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Gift of Giving: Daughter Inspires Single-Parent Scholarship

katie with kids

Katie Roemer and children Lauren, Justin and Zackery

July 2014

As a senior at Davenport West High School, Katie Roemer dreamt of helping others interpret their dreams.

"I was going to graduate from high school and go to the University of Northern Iowa," she remembered. "I wanted to major in psychology and talk to people about their dreams."

Too soon, she learned that not all dreams come true.

"I ran into life," she said. "I hooked up with the wrong guy right away, and started that evil cycle of domestic violence and control. I was pregnant at 20 and my twins were born the day after I turned 21. And that was kind of it. I didn't have the opportunity to go back to school for a while."

Fast forward to a happy ending. In 2007, Roemer found that some dreams are merely delayed when she earned her Bachelor of Business Administration degree through the St. Ambrose ACCEL adult-learning program.

Now, a happily married mother of four who is working two jobs while pursuing her Master of Organizational Leadership degree at SAU, Katie Roemer stands as a shining example of life-long learning. She also is a role model for perseverance in the face of potential despair.

In time, she will serve as the inspiration for an endowed scholarship that will help future single parents earn degrees at St. Ambrose.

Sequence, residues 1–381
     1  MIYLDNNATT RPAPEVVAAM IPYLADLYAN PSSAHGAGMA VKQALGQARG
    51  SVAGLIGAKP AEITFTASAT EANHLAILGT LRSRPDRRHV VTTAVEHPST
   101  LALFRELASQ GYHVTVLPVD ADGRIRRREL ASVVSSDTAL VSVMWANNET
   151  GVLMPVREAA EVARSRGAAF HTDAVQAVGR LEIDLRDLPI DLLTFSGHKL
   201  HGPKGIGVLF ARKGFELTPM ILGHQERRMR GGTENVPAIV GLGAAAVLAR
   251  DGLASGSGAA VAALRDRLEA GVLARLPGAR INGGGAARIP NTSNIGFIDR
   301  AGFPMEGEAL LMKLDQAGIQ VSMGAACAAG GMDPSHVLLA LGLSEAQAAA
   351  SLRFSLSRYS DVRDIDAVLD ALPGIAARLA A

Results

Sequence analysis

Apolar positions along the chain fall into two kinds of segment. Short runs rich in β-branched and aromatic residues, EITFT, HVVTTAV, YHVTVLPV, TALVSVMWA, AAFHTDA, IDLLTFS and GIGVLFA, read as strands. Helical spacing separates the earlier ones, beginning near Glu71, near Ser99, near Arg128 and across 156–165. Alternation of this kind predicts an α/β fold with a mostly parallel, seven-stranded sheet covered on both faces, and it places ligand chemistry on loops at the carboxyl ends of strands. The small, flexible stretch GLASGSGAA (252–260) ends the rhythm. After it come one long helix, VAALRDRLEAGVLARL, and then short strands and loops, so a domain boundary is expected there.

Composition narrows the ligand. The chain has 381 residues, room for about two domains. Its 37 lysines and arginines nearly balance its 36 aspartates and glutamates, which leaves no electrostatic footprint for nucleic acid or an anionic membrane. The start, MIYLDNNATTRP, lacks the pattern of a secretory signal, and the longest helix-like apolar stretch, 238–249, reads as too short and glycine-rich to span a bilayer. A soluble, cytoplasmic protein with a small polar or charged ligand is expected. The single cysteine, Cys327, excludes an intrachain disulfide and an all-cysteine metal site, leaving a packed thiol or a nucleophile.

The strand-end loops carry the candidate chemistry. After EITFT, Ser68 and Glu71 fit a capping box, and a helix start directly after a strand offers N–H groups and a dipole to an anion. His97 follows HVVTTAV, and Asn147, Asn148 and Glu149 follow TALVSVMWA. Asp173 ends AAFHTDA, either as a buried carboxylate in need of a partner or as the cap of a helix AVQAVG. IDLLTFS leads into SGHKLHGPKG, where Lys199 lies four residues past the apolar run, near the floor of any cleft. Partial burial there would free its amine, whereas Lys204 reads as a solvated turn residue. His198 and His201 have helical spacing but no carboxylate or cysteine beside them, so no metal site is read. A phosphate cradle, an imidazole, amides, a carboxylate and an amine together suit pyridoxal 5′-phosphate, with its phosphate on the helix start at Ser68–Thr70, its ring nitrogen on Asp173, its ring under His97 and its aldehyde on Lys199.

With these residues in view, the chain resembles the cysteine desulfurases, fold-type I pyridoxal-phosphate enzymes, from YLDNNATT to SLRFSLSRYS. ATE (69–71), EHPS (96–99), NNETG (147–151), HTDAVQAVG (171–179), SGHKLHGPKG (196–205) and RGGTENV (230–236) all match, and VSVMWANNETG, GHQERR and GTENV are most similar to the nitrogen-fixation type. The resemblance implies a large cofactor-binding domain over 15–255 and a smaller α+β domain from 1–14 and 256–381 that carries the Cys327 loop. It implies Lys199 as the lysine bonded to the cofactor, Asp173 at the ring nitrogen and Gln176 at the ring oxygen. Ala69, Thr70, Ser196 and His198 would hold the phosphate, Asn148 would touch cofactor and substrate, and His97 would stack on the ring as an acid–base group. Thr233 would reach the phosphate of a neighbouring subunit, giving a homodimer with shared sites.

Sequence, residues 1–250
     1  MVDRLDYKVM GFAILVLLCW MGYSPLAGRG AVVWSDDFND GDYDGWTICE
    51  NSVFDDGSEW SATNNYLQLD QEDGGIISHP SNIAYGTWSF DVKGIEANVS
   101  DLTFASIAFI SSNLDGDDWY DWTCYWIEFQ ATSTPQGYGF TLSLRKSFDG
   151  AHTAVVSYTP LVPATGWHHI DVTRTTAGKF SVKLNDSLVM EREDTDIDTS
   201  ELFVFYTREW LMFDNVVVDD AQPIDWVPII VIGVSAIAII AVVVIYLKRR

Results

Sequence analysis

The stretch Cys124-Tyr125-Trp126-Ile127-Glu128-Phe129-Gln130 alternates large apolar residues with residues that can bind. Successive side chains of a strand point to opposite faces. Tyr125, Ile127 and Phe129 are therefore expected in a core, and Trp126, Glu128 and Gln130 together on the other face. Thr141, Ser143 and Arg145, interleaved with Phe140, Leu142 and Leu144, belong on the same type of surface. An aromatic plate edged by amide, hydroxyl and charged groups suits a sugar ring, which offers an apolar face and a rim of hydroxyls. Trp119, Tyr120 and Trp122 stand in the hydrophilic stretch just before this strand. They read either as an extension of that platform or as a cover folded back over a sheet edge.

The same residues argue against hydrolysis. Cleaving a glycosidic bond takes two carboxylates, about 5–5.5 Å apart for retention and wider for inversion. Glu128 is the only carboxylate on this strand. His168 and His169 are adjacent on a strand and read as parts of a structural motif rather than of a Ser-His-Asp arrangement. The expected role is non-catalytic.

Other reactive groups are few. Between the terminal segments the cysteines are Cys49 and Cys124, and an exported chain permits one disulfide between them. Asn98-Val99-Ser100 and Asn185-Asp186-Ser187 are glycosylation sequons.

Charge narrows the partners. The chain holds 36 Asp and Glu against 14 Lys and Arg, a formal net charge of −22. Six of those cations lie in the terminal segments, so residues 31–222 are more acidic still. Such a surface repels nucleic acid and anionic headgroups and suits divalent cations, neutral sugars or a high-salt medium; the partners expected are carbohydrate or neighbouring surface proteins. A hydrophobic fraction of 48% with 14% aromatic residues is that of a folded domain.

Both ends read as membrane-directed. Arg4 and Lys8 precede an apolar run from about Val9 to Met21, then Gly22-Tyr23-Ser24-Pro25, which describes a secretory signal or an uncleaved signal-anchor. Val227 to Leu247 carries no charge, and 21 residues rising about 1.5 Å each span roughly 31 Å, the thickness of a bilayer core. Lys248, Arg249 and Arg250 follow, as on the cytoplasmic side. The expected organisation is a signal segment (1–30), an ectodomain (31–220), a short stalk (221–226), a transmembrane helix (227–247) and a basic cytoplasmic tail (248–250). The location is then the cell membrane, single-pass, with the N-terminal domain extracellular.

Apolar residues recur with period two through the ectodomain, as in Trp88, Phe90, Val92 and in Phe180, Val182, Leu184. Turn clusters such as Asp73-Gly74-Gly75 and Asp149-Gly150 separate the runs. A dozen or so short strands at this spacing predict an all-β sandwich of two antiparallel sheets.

Roemer learned only recently of arrangements made by her mother and stepfather, Diane and Jim Tiedje, eventually to endow the scholarship through their estate. Although she knew her parents were proud, Roemer said the planned endowment serves to validate the determination she showed in pursuit of a college education.

"Determined is a good word," Diane Tiedje said of Katie, her youngest of two daughters. "I think she is a really good example of taking a situation that usually brings you down and keeps you down for a long time and not letting that happen."

Indeed, the life that Katie Roemer "ran into" after high school easily could have led to a lifetime of poverty and dependence. Early on, she and her twins lived for eight months in shelter housing for struggling single parents. She later lived in subsidized housing for several years, and lost one low-paying job when she was forced to miss work, instead going to court to preserve a restraining order against an abusive ex-boyfriend.

Two things Katie never lost sight of were her desire for a college education and the chance to provide more for her children. After starting in a two-year degree program, she turned to St. Ambrose to finish. It is where Walter Roemer, the father she lost to cancer at age 11, had earned his bachelor's degree in 1973. It also is where Jim Tiedje, who became her new father when she was 14, first attended college.

Ultimately, Katie found the ACCEL program worked best for her, partly because that's where she found fellow learners with life experience.

Roemer intends to continue learning, with a goal of becoming a teacher herself. "That is my true passion - getting people educated," she said. "And to do that, I have to keep educating myself."

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